RX Advanced is iZotope’s flagship audio-correction/fixing application. A couple of versions ago, the app became a true editor with the ability to record and edit audio and to fix, correct and adjust using sophisticated machine learning algorithms. As with all technology, the app continuously evolves and improves, and the latest version, RX 7 Advanced, is now capable of intelligently identifying vocals, bass, percussion and other instruments in a mix. In addition, RX 7 Advanced now also supports surround sound.

The RX interface gives users a synthesized overview of recorded audio, with the waveform in blue on top of the sound’s spectral information. In order to understand exactly what you’re fixing or editing, you need to understand that the waveform only represents the sound’s volume, whereas the spectrograph shows the sound’s energy, i.e. the different frequencies, harmonics, etc. You can process a complete file or selections of it.

With RX 6 Advanced, you could change music in ways that sound perfectly natural — not a hint of having done it in software. With RX 7 Advanced, you can do the same to dialogue. In fact, RX 7 Advanced is so good at correcting imperfections in recordings, in many cases you will be able to use it as a faster and cheaper alternative to ADR.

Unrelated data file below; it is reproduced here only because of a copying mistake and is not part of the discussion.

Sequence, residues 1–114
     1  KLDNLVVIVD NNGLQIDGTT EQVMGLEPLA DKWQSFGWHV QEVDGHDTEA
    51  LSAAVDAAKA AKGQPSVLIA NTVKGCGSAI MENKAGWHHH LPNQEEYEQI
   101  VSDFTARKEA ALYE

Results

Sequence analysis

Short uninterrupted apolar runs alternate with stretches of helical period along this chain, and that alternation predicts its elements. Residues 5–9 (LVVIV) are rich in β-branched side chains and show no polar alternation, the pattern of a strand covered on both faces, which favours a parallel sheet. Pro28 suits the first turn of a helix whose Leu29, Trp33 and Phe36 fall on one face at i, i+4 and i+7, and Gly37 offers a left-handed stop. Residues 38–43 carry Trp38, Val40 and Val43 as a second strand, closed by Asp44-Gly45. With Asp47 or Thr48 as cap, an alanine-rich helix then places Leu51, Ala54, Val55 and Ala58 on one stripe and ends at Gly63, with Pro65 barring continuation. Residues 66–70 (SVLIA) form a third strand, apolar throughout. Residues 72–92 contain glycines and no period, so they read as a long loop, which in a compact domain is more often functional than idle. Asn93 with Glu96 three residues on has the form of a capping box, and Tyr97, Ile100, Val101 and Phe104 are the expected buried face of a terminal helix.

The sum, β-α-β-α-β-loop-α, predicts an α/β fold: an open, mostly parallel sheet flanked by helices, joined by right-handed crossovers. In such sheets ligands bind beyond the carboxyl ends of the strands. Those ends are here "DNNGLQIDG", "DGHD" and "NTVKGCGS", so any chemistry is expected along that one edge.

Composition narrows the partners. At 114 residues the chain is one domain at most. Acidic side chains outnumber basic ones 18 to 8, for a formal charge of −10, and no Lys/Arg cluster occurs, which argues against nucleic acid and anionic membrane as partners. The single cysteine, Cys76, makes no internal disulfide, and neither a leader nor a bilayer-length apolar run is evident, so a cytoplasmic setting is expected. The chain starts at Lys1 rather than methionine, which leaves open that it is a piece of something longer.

RX 7 Advanced with Dialogue: an Alternative to ADR

iZotope RX 7 Advanced's Dialogue Contour module

iZotope RX 7 Advanced’s Dialogue Contour module

I quickly realized this when I experimented with the Dialogue Contour module. When I’m recording a video tutorial for some app, I have a tendency to increase my voice’s pitch as I approach the last part, but then realize I still need to add a closing thought. Often, that turns out to be totally uncalled for — at which point I find myself with an end that sounds like it’s a question.

The only fix so far has been to start over again or record a voiceover. That’s hard to synchronize with the rest of the video without software like VocAlign or Revoice Pro. With RX 7 Advanced’s Dialogue Contour, however, I can now just lower my voice in the module, and you won’t hear that it was not recorded that way, no matter how hard you try.